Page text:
“If builders only had to pay a penalty, they would rather do that and keep constructing than comply with the law, just as employers do when they don’t want to observe the quota,” says Lakkis, referring to a 3 percent quota in favour of disabled employees imposed on companies with over 100 staff.
The new regulations represent a step forward after the accessibility provisions contained in the 220/2000 law were ignored for several years. “The law stated that all environments should be made accessible in six years time,” Lakkis says. Eight years after that deadline, this still hasn’t happened.
A first attempt to implement the law with a decree failed, as it tried to target both new and existing buildings, causing the LPHU to suggest a change of policy. “We thought that targeting new buildings only would facilitate a response … and make it easier for old buildings to follow the example.”
The current regulations, Lakkis says, were based on a decree influenced by a study on the accessibility of polling stations carried out by the LPHU ahead of the 2009 elections.
“When we say polling stations we are talking about schools,” she says. “And only 5 of a total 1,600 we monitored across the country complied with the minimum accessibility standards.” The public sector, she continues, has been particularly bad at observing these standards in its premises.
Build for all
In the LPHU director’s office, a poster reads “Build for all. Don’t disable my ability,” and depicts an old man with a cane, a person in a wheelchair and a mother pushing a stroller.
“This was part of a campaign we did in 2006, after the Israeli bombings, to make sure that the new buildings which were about to be reconstructed would be accessible to everyone.” The southern Beirut district of Haret Hreik, among the worst hit during the 2006 conflict, was also one of the main target areas of this campaign.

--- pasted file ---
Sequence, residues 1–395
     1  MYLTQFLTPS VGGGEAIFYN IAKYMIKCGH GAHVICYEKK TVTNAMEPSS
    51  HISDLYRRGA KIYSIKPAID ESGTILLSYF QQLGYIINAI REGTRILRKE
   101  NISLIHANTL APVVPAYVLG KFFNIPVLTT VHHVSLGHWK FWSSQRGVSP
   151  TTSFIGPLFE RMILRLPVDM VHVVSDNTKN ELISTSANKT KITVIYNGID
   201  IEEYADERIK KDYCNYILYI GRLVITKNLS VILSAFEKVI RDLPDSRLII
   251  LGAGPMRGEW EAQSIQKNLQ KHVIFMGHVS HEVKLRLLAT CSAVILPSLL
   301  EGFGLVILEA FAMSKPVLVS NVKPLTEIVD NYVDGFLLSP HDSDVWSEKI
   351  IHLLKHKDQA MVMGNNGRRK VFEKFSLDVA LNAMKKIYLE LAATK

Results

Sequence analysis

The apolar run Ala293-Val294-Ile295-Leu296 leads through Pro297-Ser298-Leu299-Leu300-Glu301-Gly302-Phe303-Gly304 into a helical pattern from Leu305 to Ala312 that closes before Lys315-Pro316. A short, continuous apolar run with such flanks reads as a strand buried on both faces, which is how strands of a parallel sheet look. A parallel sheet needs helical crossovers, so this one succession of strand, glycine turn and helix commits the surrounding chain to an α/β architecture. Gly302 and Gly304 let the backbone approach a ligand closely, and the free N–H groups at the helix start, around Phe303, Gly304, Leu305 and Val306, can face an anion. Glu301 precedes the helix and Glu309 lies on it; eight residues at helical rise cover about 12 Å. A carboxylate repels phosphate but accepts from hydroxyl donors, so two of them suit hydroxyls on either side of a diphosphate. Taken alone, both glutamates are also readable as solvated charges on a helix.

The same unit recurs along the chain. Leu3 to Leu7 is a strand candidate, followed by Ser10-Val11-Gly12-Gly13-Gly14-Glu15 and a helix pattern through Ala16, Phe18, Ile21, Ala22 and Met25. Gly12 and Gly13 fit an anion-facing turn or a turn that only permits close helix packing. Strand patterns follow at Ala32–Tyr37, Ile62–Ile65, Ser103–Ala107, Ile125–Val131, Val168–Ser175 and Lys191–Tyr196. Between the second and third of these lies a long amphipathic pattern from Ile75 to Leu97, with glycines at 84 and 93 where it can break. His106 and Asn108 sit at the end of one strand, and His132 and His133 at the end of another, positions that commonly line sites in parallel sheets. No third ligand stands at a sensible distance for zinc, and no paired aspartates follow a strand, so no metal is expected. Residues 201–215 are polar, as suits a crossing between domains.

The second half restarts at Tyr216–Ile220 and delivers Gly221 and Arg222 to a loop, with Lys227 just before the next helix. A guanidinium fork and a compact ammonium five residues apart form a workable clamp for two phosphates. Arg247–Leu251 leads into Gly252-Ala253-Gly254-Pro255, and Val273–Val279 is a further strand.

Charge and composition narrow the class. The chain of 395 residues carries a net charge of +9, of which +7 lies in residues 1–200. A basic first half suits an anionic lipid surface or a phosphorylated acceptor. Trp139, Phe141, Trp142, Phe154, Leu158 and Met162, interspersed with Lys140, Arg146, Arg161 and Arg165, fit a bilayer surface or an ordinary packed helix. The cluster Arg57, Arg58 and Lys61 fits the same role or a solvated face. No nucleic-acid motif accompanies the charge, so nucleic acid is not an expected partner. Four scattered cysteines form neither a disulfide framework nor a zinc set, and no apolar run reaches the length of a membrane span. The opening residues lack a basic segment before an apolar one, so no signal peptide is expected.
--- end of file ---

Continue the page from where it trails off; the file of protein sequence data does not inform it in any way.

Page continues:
Developers who reconstructed the district were asked to include at least one apartment accessible to disabled residents as well as proper entrances and elevators in buildings with 20 or more residential units.
“This is according to international standards,” Lakkis says. “In other countries developers don’t even think of building houses which are not accessible, as buyers want to be able to live in them even when they grow old. So it is in the developers’ interest to build accessible apartments.”
In 2012, the LPHU took part in a study that influenced a guide on handicapped people’s access to buildings, crafted by Majal, the University of Balamand’s academic urban observatory.
“We based this guide on the idea that accessibility is a basic right,” says Majal’s head Serge Yazigi. According to Yazigi, criteria on making buildings accessible should be revised every few years and enforced by the government. “The solution to this issue is a political decision,” he says. “You need to impose these rules by creating tools to implement and verify compliance.”
Even if a tighter control over buildings’ accessibility was implemented, this may not be sufficient, as real estate developers in Lebanon are confronted with practical issues ranging from material supply to economic support.
“Incentives, like the ones given by the central bank for energy efficiency, may help,” Yazigi says. “But you need to get the private sector involved in the process because, let’s be realistic, this is not a priority for the public sector.”
Yazigi explains that part of the research carried out for the publication of the guide focused on the materials available to developers within the Lebanese market. “We found out that high-quality non-slippery material for horizontal and inclined surfaces, for instance, is not available in the country,” he says. “We need to encourage importers and show them that there is a market here.”
Mansour Aziz, who runs the Mezyan restaurant in Hamra, is among entrepreneurs who were not discouraged by the lack of awareness and incentives to make their businesses accessible to disabled clients.
When the owner of the building decided not to renew his lease this year, he had to find another venue in the same area and decided to make changes so that it would be handicapped accessible.
Even though he is only a tenant in the new premises, Aziz knocked down the original bathroom walls in order to make the room accessible to people in wheelchairs. It cost around $1,000, which, he says, was not a huge financial effort, though renovations took some space from the 170 square meter venue.